Basseterre, St. Kitts — People Employment Programme’s Early Childhood Facilitator Mrs Vanta Walters did what every seasoned educator would do, when she recently partnered with the Charles E. Halbert Public Library in Basseterre in order to educationally advance the 26 trainees under her tutelage.
The history making early childhood workers who have recently returned to their original training base at the St. Johnson’s Community Centre after stints at Newtown and Challenger’s Community Centres while their original base underwent extensive rehabilitation work, are readying themselves ahead of their competency exams.
According to Mrs Walters, one of the modules that she has to teach them as a part of the Early Childhood course is called Apply Basic Communication Skills, and the library was the best place for them to learn the topic in a more practical way.
“They are prospective teachers – early childhood workers,” observed Mrs Walters. “They are going to be working either in the nurseries or in the pre-schools or they are going to be opening their own early childhood facility, and because of that they have to be able to communicate.
“They will be communicating with parents, other colleagues and with the general public and it is most important they will be communicating with the children themselves and so they have to know how to communicate effectively,” she observed.
Mrs Walters chose to take them to the library because one of the things that they have to do, as part of the elements of competence, is to be able to access information from the different information systems, and the library is the ultimate place.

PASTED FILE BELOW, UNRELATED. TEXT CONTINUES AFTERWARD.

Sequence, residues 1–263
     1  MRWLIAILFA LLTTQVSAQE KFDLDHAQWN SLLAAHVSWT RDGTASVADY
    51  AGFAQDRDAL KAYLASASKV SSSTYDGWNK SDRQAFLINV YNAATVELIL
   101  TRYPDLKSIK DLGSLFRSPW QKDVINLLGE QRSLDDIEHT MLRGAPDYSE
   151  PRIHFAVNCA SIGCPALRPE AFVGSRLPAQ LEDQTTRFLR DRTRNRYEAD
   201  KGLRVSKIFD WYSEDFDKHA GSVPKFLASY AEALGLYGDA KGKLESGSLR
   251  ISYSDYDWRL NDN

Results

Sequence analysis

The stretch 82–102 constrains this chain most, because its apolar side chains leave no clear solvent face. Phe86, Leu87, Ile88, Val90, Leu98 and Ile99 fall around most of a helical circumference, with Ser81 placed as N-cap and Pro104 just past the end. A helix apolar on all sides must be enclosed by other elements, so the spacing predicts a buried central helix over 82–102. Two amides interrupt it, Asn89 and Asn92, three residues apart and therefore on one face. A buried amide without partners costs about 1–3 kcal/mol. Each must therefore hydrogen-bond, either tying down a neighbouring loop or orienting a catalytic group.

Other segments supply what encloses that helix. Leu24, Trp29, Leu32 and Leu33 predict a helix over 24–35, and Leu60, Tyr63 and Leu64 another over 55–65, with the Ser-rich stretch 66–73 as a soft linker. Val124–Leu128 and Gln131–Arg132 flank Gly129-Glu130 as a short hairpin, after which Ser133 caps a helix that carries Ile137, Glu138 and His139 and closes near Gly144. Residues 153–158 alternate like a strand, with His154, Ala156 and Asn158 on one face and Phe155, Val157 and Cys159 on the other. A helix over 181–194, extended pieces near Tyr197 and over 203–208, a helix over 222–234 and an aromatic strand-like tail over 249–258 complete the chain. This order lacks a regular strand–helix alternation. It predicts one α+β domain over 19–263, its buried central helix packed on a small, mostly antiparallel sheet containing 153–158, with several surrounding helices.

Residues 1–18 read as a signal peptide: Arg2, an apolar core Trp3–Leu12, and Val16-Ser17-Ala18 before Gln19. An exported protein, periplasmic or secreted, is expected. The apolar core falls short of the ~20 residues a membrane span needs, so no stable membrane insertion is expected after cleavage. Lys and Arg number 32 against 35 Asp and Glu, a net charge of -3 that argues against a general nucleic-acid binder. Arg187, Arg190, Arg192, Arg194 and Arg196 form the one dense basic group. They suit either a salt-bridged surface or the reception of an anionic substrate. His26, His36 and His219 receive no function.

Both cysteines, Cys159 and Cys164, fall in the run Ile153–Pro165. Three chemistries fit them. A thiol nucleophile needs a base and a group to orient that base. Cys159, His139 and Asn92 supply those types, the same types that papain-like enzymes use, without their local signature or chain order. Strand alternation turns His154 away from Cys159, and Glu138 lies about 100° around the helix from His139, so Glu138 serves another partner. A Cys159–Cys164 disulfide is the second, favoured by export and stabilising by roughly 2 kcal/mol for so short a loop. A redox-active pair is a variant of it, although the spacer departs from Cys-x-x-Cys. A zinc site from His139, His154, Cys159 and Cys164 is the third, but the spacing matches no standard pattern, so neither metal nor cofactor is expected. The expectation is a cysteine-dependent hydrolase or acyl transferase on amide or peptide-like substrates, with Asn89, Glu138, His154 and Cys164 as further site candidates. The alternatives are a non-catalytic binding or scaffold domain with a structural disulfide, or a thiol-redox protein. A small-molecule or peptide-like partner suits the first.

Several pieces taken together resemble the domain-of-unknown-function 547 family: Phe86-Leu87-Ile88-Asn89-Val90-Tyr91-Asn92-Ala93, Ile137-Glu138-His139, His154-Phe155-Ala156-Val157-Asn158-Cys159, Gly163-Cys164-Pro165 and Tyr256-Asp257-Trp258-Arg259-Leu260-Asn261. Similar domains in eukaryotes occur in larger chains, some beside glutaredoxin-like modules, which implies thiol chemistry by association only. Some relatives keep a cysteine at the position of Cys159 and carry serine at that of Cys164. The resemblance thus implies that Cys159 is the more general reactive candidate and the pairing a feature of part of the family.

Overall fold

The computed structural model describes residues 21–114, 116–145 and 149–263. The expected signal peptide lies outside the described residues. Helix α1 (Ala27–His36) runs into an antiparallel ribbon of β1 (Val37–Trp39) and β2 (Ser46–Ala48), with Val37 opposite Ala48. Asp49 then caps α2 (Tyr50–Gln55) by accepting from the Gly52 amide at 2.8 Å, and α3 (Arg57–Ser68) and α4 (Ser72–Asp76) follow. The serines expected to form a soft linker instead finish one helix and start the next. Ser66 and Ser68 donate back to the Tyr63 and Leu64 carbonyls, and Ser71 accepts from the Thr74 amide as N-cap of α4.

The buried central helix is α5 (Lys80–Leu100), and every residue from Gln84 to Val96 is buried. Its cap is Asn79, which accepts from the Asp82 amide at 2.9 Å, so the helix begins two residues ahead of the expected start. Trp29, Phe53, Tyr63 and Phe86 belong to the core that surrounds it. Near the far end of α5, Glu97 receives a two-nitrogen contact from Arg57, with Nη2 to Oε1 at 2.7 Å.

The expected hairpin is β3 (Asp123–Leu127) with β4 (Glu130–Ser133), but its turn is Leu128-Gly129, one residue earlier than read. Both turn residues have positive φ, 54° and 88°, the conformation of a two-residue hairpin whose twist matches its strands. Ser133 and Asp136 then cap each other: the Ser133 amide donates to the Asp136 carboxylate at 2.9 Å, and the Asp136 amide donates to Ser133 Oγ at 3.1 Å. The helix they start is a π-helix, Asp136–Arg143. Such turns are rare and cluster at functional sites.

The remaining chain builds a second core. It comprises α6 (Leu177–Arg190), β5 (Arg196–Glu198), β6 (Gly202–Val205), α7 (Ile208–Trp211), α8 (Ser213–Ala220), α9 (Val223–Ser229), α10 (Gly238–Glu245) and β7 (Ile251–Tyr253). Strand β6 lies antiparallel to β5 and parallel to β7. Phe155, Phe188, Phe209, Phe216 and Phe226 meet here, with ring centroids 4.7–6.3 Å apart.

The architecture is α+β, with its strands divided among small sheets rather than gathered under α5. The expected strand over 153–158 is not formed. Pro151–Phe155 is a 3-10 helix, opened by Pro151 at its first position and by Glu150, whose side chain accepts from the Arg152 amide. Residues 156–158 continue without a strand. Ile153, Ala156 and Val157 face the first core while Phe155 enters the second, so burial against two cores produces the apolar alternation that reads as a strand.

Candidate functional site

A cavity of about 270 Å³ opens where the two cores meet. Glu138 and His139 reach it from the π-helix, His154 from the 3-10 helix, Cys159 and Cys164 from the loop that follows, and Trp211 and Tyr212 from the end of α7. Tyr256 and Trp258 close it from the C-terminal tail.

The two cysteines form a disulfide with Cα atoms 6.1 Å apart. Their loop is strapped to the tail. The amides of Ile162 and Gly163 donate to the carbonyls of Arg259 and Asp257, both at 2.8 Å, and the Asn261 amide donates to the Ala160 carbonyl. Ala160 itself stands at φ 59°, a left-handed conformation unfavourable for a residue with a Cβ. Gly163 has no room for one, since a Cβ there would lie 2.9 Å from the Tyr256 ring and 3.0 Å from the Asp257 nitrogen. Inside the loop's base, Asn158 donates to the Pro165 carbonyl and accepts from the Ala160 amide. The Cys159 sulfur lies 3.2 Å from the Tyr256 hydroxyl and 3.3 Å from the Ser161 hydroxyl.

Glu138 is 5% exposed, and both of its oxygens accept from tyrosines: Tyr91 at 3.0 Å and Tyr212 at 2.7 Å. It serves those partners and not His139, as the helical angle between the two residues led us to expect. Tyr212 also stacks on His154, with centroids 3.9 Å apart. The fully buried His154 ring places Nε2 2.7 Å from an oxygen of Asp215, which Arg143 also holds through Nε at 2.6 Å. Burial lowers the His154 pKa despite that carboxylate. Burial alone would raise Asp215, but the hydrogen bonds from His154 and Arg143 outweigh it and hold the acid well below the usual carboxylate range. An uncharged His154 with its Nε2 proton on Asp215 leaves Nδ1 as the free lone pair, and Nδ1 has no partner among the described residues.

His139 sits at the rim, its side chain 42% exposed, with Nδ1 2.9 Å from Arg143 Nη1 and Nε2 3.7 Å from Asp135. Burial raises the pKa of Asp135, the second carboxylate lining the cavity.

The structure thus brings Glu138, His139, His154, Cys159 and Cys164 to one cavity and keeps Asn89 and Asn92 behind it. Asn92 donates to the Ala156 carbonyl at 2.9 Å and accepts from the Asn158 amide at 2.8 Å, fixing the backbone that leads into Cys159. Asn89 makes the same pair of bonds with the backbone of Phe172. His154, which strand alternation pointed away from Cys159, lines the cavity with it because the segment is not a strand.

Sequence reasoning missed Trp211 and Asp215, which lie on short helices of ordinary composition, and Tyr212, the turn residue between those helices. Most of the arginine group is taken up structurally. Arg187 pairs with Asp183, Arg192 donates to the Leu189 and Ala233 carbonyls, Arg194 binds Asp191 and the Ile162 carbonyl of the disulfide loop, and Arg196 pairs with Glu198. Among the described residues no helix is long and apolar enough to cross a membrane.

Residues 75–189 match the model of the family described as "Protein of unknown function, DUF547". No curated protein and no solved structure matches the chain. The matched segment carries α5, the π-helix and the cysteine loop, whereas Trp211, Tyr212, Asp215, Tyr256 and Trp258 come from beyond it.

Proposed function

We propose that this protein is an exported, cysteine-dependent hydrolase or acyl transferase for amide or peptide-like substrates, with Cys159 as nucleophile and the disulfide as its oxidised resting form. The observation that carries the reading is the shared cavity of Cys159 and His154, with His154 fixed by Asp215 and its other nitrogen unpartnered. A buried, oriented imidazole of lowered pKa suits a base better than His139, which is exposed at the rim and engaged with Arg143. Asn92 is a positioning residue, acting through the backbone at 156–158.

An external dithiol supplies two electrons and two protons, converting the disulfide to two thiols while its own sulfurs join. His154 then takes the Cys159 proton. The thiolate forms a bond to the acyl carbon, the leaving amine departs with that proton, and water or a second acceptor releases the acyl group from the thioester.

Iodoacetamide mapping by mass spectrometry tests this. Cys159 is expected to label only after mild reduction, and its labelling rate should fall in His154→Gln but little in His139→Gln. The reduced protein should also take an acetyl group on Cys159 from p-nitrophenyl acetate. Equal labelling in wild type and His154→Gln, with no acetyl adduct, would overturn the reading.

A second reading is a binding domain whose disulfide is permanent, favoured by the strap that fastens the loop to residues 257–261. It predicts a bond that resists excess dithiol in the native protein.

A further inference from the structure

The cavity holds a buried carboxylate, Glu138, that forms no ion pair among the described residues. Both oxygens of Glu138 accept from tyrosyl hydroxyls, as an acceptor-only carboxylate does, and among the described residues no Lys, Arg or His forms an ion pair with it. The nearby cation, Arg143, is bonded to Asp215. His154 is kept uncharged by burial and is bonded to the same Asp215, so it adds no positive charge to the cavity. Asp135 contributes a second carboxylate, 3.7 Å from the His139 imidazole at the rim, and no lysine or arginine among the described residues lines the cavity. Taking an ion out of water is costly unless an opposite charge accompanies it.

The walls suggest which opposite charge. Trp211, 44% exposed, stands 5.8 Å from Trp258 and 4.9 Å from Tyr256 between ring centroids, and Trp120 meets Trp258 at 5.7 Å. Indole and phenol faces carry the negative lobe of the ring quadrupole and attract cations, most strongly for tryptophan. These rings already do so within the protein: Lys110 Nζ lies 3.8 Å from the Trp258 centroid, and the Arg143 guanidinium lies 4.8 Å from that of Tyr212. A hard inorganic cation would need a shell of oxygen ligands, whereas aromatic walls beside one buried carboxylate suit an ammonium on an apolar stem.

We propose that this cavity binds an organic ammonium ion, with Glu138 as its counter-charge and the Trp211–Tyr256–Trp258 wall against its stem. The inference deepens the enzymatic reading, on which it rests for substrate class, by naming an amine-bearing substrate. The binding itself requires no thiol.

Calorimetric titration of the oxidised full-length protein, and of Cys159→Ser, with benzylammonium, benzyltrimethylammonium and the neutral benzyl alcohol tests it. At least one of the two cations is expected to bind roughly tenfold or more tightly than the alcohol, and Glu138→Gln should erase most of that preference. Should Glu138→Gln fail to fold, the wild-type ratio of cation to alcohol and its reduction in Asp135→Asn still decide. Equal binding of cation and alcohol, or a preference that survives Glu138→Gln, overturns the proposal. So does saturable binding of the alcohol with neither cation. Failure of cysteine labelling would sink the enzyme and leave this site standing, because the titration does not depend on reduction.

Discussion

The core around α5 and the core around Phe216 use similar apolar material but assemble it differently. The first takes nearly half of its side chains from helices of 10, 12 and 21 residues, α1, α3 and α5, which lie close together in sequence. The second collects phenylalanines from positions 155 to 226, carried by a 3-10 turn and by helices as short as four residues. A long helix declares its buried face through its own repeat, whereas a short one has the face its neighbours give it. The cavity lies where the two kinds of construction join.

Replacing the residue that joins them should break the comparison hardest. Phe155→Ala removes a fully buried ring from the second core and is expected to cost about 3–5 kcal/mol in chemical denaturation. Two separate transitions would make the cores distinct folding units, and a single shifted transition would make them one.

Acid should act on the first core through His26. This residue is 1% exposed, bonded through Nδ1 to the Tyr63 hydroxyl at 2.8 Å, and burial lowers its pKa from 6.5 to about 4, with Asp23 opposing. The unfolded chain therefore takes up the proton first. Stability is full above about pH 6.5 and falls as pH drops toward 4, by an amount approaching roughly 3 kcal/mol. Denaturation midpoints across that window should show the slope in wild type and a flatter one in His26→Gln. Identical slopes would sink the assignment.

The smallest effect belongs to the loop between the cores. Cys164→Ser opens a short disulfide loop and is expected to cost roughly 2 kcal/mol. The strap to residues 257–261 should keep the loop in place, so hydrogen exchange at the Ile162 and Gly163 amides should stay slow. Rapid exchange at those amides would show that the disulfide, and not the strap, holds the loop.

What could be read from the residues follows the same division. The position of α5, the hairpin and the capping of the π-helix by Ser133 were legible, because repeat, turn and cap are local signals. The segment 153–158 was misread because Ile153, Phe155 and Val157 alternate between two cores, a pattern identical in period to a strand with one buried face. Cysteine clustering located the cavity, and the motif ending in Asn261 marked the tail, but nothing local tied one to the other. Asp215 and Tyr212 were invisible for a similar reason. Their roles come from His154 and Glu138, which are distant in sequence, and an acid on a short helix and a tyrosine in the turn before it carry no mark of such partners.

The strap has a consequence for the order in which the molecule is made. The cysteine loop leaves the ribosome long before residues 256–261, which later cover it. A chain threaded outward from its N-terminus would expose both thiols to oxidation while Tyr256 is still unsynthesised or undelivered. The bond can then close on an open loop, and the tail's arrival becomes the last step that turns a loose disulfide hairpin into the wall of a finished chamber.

The trainees had six lessons at the library where Chief Librarian, Ms Carroline Henry, took a personal charge of them. From what they learnt, Mrs Walters said that they were able to do research on three early childhood pioneers and in so doing they were able to put the skills they had learnt in getting the information into practice.
“I was very glad that I chose to attack that aspect of the course from the angle that I am doing it because I was surprised to learn that most of them have never been to a library, and most did not even know where the St. Kitts Library was located,” remarked Mrs Walters.
At the library, Ms Henry taught them about the library, how it is organised, its functions, what is done and some information on literacy. She noted that she discussed with them the types of libraries; public, academic, the schools and the special. She also touched on the resources one would generally find in all libraries, which are the books, the computers, and for public libraries the government documents. She also showed them how to use catalogues, the dictionary, and the encyclopaedias.
“I gave them exercises in finding words, their meanings, and how to use the guide letters at the top of the dictionary to find exactly what they want and the last thing we did was the encyclopaedias. Some of them had never searched an encyclopaedia, so I taught them how the encyclopaedias are organised in volumes, either by letters or numbers and how to search for what they want,” noted Ms Henry.
The last topic they did was to look for a specific topic and research that topic in order to write a paragraph for Mrs Walters on Early Childhood. Everything they did was based on what they are actually doing on Early Childhood Education.
“They did fairy well because I told them when I give exercises I do not expect them to just sit down and not do it,” said Ms Henry. “What they couldn’t find they came to me and I helped them to find it, the correct volume of the encyclopaedia, help them find the correct page and they did it and Mrs Walters would check what they wrote.”
A PEP trainee, Ms Talia Pemberton, who worked as a waitress before joining PEP said that she made the move because early childhood would expand her experience, and working with the children would allow her to better understand not only the culture but her own child.
“PEP is a good programme that has helped me and it has helped others and in so doing it is building the country in the process of helping us,” said Ms Pemberton. “PEP is investing in the people. Those of us in the PEP I advise us to take it seriously as it helps improve even our language, and helps you to communicate better with other persons.”